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Is it important to learn history? - Page 2

post #21 of 170
Learning about history can give you valuable information about the past, present, and future of the place you live and it's government. I totally agree with all of that. We learn about these things in a variety of ways and from a variety of sources. Conversations, movies, music, TV shows, books, art, video/pc games, the internet, and so on.

If you are asking "Do you think history can be a useful, interesting, and valuable subject to learn about?" I would say yes. If you are asking "Should all kids be required to learn history?" I would say no. But then I am not into the required camp much anyway, so that's not a shock really.
post #22 of 170
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Originally Posted by UUMom View Post
Have we had this conversation before? Because I just got the creepiest feeling of deja vu. Really creepy. Not that you're creepy lol...but reading this this. I'm spooked.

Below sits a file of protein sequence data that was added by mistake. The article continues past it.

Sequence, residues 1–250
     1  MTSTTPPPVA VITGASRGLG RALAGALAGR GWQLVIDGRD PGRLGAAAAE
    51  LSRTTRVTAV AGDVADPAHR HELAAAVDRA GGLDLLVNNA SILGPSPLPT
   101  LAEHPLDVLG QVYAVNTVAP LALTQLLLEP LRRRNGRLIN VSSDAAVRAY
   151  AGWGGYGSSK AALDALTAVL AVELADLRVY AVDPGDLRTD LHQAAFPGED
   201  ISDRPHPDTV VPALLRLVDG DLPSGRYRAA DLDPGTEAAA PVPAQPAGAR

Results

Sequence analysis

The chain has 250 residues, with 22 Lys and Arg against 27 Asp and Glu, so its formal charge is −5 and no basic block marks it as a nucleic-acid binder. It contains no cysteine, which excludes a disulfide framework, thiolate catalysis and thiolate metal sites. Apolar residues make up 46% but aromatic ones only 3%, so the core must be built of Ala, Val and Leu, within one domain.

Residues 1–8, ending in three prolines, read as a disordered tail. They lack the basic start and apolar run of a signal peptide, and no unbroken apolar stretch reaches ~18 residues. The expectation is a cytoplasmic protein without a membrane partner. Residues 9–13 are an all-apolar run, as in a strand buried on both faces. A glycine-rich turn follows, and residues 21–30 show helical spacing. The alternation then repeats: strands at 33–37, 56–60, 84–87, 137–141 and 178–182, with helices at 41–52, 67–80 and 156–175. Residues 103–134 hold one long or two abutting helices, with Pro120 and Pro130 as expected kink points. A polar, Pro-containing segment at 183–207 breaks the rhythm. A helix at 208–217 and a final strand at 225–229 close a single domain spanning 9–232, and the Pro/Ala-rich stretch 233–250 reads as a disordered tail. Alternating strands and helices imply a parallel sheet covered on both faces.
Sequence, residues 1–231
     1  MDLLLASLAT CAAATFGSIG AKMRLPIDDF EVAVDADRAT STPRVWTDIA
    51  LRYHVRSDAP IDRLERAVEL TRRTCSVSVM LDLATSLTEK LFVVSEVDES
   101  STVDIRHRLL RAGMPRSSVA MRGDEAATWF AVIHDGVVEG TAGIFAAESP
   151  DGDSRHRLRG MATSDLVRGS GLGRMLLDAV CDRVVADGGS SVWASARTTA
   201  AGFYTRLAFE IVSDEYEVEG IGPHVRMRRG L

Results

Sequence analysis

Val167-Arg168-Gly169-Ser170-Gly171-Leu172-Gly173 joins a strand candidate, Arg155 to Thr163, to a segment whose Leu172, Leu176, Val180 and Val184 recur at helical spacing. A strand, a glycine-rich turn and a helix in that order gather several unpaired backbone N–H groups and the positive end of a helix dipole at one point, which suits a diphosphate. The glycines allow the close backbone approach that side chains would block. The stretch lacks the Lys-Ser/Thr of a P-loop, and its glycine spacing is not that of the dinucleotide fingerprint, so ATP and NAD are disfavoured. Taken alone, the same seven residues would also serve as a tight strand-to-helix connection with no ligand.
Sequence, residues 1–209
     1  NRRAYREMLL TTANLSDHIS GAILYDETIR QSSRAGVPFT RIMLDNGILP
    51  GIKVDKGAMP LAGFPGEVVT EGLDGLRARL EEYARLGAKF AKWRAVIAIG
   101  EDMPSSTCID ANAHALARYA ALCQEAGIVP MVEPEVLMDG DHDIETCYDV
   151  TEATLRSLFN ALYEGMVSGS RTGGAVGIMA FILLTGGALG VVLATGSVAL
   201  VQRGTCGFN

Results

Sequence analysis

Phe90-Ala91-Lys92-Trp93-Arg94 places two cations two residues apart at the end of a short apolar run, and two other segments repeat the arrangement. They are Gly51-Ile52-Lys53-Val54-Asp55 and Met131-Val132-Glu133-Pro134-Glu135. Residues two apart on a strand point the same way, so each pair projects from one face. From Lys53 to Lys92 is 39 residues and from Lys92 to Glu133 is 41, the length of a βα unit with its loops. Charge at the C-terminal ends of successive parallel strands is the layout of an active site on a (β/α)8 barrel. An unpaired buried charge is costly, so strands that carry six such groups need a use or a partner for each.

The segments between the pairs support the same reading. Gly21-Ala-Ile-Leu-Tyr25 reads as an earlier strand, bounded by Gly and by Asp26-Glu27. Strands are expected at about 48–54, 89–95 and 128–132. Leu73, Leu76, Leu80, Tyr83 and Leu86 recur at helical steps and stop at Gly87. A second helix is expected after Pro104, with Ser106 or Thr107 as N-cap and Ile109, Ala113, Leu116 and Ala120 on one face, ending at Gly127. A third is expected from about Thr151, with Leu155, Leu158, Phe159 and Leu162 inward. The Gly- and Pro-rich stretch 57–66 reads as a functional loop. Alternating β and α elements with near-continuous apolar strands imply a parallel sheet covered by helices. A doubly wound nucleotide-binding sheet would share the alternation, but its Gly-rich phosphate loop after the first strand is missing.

i am kinda creepy! lol. well maybe not creepy....but at least a little weird!
post #23 of 170
Quote:
Originally Posted by UnschoolnMa View Post
Learning about history can give you valuable information about the past, present, and future of the place you live and it's government. I totally agree with all of that. We learn about these things in a variety of ways and from a variety of sources. Conversations, movies, music, TV shows, books, art, video/pc games, the internet, and so on.
It can also win you a pie sliver in Trivial Pursuit. :
post #24 of 170
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Originally Posted by UUMom View Post
It can also win you a pie sliver in Trivial Pursuit. :
So so true! And those pie pieces come in handy when one wishes to gloat over the husband person.
post #25 of 170
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Originally Posted by elizawill View Post
i am kinda creepy! lol. well maybe not creepy....but at least a little weird!
Seriously, I read your post and I was hit by the deju vu bullet train. I even felt dizzy. I'm a little weird myself. Shocking. I know.
post #26 of 170
i think that most people will end up picking up the bits of history that are important for THEM to learn

i think some bits will be almost universally important in some cultures/regions/groups

for example i bet most of us have some sense of the history of childbirth and parenting practices....

i have a better than average grasp of rock history

you and your kids will end up learninng what YOU need to know
post #27 of 170
Thread Starter 
Quote:
Originally Posted by mz_libbie22 View Post
I use history to evaluate current events, to understand what brought us to this point and what needs to be done to get us in a better direction, which in turn helps me decide who I want to support in the '08 election.